Some people say he comes off as cocky…. maybe, yeah, I suppose. But more than that, the guy is real. He talks from experience and provides great food for thought. Much of the information can be applied directly to your domaining business, if you’re passionate and serious. The book explains how he took his families business from a “little something” to “a whole lot sales” in a short period of time. That’s not what the book is about. It’s about being passionate about what you do, or better yet, do what you are passionate about. Vaynerchuk explains how technology and social networking have expanded our ability to reach and server our customers and created amazing new opportunities.
We’re not all Harvard graduates like Hsieh, but he comes across as your average guy. He was an entrepreneurial dreamer as a kid, working on a failed worm farm in his back yard. But that first setback didn’t stop him. He continually worked on ideas and tried things until they worked. Then he tried to make them work better. After college and landing a job with Oracle, he quickly realized that he wanted to do his own thing. A result of that was the development of Link Exchange which was sold to Yahoo in 1999 for $265 million. This positioned him for his later involvement in Zappos.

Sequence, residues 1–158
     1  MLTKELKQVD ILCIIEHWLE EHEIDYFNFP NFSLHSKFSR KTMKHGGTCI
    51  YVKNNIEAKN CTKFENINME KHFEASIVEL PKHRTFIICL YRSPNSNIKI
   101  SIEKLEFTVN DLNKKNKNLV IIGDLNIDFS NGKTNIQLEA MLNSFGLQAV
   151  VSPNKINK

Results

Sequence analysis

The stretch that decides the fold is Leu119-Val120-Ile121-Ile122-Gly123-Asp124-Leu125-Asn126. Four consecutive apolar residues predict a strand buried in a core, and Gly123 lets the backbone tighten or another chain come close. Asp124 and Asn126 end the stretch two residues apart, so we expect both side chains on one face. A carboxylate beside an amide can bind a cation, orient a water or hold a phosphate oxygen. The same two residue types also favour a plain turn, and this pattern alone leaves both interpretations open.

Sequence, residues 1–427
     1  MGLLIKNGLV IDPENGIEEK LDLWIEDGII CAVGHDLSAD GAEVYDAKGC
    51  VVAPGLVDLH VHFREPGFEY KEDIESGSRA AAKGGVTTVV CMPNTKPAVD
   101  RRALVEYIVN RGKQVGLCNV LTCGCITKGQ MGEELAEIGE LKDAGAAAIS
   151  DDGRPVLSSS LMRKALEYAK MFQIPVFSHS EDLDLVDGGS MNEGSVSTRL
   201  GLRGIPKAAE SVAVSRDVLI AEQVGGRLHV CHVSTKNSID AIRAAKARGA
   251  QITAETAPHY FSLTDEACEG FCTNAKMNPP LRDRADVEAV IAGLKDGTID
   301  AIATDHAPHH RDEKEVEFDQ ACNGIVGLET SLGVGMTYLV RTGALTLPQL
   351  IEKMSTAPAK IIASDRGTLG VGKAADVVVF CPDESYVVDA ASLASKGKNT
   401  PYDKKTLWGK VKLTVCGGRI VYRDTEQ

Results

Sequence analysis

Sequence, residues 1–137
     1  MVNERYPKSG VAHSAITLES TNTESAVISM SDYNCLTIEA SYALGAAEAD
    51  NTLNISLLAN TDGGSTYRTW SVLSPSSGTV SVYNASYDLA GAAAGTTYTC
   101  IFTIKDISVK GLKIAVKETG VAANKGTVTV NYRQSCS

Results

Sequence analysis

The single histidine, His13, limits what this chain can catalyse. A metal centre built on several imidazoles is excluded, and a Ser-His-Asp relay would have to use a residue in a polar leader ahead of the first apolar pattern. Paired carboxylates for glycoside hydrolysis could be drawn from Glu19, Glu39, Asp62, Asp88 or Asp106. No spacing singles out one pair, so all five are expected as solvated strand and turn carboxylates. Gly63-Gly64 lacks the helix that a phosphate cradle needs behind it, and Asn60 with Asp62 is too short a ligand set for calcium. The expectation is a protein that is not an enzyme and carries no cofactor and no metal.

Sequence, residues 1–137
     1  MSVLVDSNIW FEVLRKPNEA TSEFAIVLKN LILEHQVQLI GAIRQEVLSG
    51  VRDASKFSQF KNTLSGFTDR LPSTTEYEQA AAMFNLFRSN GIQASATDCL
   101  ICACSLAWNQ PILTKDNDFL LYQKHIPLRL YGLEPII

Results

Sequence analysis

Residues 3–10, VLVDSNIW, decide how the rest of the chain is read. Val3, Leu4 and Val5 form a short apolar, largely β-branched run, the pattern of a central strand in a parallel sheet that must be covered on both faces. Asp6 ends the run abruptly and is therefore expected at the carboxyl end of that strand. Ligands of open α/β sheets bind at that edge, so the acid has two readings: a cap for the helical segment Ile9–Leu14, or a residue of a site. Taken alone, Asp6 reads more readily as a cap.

The book is a great read if you enjoy entrepreneurial struggles and successes!
Peter Prestipino is runs Website Magazine and brings his expertise to the pages. You can read my full review here. The book begins with a brief history of domain names, citing the first domain name ever registered, Symbolics.com and moves quickly into the recognition of those early domainers with the foresight of what was yet to come. Chapter by chapter, each area of domaining is covered from the technical to the strategic. Peter has a strong background and presents the book with fact based points. Definitely a good book for anyone interested in domain name investing in the beginner to intermediate level.
The book is a quick read and I found the first half the most compelling. In fact, it probably could have ended there. While the information may not be entirely new, it is valuable. If it causes you to question your current strategy, it has value. Some might say it’s common sense, but if it is, then why aren’t these ideas more commonly practiced? Some of the concepts covered that seem counter intuitive to how we work include: See full review…
The Domain Game
This has been my favorite book to date on the domain name industry. While most books focus on the “How to make easy money,” The Domain Game focuses on the history and builds the story as it progresses. I absolutely recommend this book if you want to get a solid understanding of how domain names brought us to where we are today. Written by former Wall Street Journal writer David Kesmodel, The Domain Game should be on every domainers shelf.